We all get it. You can be a photographer, a writer, a makeup artist, an accountant, or a business person. Imposter Syndrome is a psychological condition where people believe they are fakes or frauds. They believe that they are not competent, intelligent, talented, or creative and that others will discover that they are fake or frauds as well. It is a fear, an anxiety. And it holds you from taking that next step that could advance your career.
This is a very common condition in the world today due to the high standards that we set for ourselves. We are always trying to do more and more to prove to other people that we are successful and often fail to realize that we are just as good as anyone else.
Take A Break From Social Media
If you find yourself falling into Imposter Syndrome, one way to mitigate its effect is to stop looking at social media. Social media is a double-edged sword. It can be a great way to stay connected with friends and family, but it can also be a source of stress and anxiety. No matter how successful you are, there is someone out there who is more successful than you, and we should not let their success define who we are. Don’t let this discourage you from pursuing your dreams. Turning off Instagram or putting away Facebook and LinkedIn could give you that time to self-reflect and leave the noise on the Internet.
To quote an article on the effects of social media on mental health on McLeanHospital.org, “Social media has a reinforcing nature. Using it activates the brain’s reward center by releasing dopamine, a ‘feel-good chemical’ linked to pleasurable activities such as sex, food, and social interaction. The platforms are designed to be addictive and are associated with anxiety, depression, and even physical ailments.” So the easiest way out of that trigger is simply to take a break from it or turn it off.
Another way to mitigate the effects of Imposter Syndrome is to practice some mindfulness. Mindfulness is a mental exercise that focuses on the present and helps people be aware of their thoughts, feelings, and sensations and being able to accept them as they are without judging them.
Above: Model Jillian Gurley (DirectionsUSA) | Makeup and hair by Sarah Broyhill | © Kris Fulk Photography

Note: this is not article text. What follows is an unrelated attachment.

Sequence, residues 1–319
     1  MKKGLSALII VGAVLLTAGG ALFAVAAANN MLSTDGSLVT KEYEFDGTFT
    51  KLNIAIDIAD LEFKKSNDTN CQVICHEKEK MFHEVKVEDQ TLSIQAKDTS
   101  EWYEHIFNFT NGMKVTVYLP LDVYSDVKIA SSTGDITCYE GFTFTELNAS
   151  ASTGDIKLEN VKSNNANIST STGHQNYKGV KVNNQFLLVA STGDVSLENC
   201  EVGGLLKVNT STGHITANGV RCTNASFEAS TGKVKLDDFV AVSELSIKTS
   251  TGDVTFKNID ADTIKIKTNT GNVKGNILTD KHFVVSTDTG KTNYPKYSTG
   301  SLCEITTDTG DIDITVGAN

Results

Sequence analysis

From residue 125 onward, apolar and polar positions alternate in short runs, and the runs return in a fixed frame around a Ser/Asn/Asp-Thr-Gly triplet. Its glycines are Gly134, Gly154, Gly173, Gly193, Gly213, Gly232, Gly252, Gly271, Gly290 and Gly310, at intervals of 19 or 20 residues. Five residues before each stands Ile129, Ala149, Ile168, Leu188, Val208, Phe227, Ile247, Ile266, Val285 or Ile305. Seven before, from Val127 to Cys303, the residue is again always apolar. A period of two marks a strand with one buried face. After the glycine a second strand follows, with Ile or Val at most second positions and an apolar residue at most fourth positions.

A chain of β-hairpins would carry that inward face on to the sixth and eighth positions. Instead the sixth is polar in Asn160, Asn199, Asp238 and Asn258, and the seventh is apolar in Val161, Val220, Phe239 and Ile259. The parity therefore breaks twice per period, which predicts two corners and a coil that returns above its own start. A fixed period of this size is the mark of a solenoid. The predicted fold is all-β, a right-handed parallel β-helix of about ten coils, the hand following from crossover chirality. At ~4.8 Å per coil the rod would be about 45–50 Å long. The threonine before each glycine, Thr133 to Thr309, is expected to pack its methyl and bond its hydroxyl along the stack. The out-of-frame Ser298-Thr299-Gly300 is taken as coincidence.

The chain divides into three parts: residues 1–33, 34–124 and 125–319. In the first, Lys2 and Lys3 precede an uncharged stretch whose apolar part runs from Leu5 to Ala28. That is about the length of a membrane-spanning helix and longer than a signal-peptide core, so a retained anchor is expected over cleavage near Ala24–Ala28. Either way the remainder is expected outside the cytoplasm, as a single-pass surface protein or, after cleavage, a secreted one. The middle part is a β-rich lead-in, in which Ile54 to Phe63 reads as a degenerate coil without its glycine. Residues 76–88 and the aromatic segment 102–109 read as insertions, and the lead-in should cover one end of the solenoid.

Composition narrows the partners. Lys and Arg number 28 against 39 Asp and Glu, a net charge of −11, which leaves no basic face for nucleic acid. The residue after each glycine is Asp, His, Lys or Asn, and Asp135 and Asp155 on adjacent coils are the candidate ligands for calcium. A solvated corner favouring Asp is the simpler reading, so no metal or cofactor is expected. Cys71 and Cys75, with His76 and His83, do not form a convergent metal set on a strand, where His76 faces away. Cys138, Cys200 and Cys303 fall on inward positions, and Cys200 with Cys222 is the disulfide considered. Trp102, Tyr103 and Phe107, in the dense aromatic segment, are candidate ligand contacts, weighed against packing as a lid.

There are several benefits to mindfulness: it improves self-awareness, reduces stress, improves focus and concentration, and reduces negative emotions such as anxiety and depression.
But how does one practice mindfulness, you might ask? You can try these same methods I use:
- Take 5 to 10 minutes to feel yourself breathe: breathe in and out, and feel your lungs expand and contract as you do.
- Be in the present.
- Ground yourself with what you are doing *now*.
- Think about your body and feel what your body is feeling. Contract and release your muscles from your toes to your hands and arms.
- Don’t think about the past or the future. Again, be in the present.
Similarly, you can try meditation. Meditation and mindfulness are two very different things, but they are both great ways to deal with stress and anxiety. Meditation is the practice of stilling the mind and focusing on the present moment, while mindfulness is the ability to be aware of what is going on around you in the present moment without judging or reacting. Both of these practices are very important to our overall well-being. Meditation is a great way to clear your mind and focus on your goals, while mindfulness helps you be aware of your surroundings and react appropriately. But if you have ever been stressed out and tried to meditate, you know that it’s hard to do. It takes practice and patience to learn how to keep your mind calm and clear. The best way to practice meditation is to start small. Try to meditate for a few minutes every day. The more you practice, the more you will be able to clear your mind and get rid of stress.
Do Something You Enjoy
Another way to lessen Imposter Syndrome is to do something you enjoy. Perhaps even taking a break so you can relax. For example, if you enjoy drawing, go draw something. If you enjoy baking, bake something (I love to bake chocolate chip cookies, myself). If you enjoy playing guitar, play something. Try to take a break from whatever is triggering your feeling of anxiety and inadequacy.
The Benefits of Being Over-prepared